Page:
Nuclear Near-misses

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THE PLANK JANUARY 5, 2007

Nuclear Near-misses

I must've missed it when it came out, but this story is more a little unsettling. Last month, The Project on Government Oversight charged that a nuclear warhead almost exploded in 2005 while it was being dismantled at the government's Pantex facility near Amarillo, Texas:

The Project on Government Oversight says it has been told by knowledgeable experts that the warhead nearly detonated in 2005 because an unsafe amount of pressure was applied while it was being disassembled ...

An investigator for Project on Government Oversight says the weapon involved was a W-56 warhead with 100 times the destructive power of the atomic bomb dropped on Hiroshima.

The plant itself, which is managed by private contractor BWX Technologies and used to decommission nuclear weapons, was fined $110,000 for violating safety procedures during disassembly, and "is now being investigated by the Department of Energy for a number of other alleged safety problems."

The Los Angeles Times followed up with more: Employees characterized conditions at the plant as "degraded," and a letter to the president of BWXT complained that engineers required to work up to 84 hours a week, and production technicians 72 hours a week. According to the Times, the letter also stated that "some managers lacked specific experience in handling nuclear weapons." But BWXT denied the allegations and Energy Secretary Samuel Bodman expressed "confidence that Pantex will continue its outstanding work." No need for alarm!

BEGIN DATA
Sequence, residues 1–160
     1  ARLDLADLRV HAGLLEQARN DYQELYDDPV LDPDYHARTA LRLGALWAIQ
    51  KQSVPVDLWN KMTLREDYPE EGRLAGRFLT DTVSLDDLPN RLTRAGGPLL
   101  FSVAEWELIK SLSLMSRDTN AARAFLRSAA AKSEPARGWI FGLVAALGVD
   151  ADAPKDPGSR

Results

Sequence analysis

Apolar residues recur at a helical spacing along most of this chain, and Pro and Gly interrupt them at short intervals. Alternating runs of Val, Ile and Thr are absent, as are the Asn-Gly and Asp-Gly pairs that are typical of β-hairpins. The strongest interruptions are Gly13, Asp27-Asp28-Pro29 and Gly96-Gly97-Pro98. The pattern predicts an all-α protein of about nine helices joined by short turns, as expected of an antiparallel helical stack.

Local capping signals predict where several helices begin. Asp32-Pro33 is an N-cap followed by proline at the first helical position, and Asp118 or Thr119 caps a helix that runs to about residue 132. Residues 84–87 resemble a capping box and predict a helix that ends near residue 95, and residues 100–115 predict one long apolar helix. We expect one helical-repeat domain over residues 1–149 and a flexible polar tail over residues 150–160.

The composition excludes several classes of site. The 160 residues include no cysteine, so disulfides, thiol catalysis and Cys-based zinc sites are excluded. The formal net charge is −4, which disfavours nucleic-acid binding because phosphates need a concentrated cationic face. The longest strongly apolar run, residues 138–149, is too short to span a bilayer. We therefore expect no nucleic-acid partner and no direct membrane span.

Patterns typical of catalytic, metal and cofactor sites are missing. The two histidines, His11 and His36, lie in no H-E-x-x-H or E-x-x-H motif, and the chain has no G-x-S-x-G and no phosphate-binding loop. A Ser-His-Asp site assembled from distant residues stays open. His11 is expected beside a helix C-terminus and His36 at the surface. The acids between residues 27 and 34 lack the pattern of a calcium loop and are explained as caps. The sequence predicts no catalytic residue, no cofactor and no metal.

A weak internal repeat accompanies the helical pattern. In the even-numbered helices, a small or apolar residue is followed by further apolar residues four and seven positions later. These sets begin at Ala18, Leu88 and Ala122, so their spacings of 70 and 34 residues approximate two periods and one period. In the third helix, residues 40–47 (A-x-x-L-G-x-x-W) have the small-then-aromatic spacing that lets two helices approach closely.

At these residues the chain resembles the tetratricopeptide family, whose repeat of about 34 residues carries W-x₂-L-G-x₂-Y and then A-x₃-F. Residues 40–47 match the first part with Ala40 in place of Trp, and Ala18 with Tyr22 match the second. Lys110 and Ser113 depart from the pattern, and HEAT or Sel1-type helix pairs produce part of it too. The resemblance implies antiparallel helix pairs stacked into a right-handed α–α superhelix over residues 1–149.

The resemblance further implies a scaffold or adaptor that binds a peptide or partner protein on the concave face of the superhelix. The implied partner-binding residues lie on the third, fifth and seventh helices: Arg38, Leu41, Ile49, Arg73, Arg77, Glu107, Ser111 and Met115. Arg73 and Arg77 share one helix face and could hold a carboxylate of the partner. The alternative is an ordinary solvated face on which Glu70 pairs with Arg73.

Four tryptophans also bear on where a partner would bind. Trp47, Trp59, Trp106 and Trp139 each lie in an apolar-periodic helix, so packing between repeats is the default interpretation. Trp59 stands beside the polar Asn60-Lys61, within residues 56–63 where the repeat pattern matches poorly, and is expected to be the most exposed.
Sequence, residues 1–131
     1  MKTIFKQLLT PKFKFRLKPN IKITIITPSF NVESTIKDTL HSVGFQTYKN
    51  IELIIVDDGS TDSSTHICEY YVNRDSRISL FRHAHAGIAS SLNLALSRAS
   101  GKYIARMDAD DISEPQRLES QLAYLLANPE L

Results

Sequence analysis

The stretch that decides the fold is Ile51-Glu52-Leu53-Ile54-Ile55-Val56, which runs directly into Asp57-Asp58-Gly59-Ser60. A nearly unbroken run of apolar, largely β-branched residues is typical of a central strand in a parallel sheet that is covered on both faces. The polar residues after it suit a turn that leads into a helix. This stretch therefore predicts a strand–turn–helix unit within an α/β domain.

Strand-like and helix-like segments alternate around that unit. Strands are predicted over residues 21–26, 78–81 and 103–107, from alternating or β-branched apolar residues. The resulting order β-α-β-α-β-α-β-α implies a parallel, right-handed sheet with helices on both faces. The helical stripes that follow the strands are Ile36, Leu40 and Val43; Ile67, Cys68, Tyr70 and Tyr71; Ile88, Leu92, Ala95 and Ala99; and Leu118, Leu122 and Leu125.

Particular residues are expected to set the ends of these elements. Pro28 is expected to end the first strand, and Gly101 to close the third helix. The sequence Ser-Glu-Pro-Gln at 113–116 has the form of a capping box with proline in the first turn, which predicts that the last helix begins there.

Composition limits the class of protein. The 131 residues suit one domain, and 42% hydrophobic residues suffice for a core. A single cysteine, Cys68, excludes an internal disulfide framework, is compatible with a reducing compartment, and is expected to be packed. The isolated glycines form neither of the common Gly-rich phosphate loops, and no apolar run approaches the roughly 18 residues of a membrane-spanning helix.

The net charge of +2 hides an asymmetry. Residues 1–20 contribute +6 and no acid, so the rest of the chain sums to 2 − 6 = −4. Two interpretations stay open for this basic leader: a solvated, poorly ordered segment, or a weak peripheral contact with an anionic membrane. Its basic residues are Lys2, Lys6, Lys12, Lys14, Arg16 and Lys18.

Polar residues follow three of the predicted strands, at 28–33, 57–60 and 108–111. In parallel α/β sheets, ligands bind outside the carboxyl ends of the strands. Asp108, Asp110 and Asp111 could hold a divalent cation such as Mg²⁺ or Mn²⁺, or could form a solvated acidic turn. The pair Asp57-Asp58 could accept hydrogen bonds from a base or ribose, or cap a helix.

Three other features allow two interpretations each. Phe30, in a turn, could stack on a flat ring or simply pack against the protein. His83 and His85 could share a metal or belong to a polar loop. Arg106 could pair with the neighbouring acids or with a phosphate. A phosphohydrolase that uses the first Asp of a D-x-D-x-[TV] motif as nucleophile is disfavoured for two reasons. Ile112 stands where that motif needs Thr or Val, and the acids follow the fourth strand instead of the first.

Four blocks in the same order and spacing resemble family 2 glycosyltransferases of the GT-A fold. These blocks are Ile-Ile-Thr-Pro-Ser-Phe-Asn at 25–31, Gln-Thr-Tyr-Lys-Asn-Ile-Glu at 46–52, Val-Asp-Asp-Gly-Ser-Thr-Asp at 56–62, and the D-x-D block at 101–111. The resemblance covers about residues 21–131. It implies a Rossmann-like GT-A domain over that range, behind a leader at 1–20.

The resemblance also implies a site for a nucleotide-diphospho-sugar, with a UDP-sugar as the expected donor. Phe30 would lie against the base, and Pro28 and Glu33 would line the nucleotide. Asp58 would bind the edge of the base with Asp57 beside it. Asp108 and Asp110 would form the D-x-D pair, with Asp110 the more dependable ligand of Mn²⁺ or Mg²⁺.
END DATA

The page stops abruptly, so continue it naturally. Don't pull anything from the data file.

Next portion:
In other nuclear safety news, Linton Brooks, head of the National Nuclear Security Administration, has recently been dismissed "because of security breakdowns at the Los Alamos laboratory and other facilities." In June, Brooks was reprimanded for failing to report a security breach of computers in New Mexico that resulted in the theft of personal data for 1,500 workers. Last fall, "[d]uring a drug raid, authorities found classified nuclear-related documents at the home of a former lab employee with top security clearance." Exciting times in the nuclear safety and security world, no?

--Bradford Plumer

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